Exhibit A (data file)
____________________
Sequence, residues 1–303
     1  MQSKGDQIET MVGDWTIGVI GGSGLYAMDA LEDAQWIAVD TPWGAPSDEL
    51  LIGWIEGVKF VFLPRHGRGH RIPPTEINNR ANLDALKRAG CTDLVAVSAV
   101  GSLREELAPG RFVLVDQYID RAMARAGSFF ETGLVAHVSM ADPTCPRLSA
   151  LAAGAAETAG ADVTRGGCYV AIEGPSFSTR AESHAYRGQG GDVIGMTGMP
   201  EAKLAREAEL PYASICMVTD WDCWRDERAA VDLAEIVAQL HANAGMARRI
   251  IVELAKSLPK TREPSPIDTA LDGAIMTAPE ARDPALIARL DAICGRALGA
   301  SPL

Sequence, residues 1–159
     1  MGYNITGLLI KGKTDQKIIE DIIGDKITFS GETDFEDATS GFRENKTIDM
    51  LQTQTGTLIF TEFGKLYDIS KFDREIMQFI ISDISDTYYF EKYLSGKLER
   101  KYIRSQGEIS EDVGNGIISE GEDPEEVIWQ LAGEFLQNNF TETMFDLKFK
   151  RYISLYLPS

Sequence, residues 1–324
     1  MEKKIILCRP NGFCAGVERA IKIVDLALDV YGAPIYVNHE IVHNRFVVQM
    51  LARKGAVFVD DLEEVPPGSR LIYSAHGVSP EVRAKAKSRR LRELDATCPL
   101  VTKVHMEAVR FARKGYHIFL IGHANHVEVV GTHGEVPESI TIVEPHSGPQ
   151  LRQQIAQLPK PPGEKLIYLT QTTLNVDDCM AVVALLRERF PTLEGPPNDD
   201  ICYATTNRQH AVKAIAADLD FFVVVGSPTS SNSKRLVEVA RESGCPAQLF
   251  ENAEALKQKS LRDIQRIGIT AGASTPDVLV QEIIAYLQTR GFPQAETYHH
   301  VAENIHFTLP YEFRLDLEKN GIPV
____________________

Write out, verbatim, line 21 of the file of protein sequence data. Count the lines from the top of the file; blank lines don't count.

   301  VAENIHFTLP YEFRLDLEKN GIPV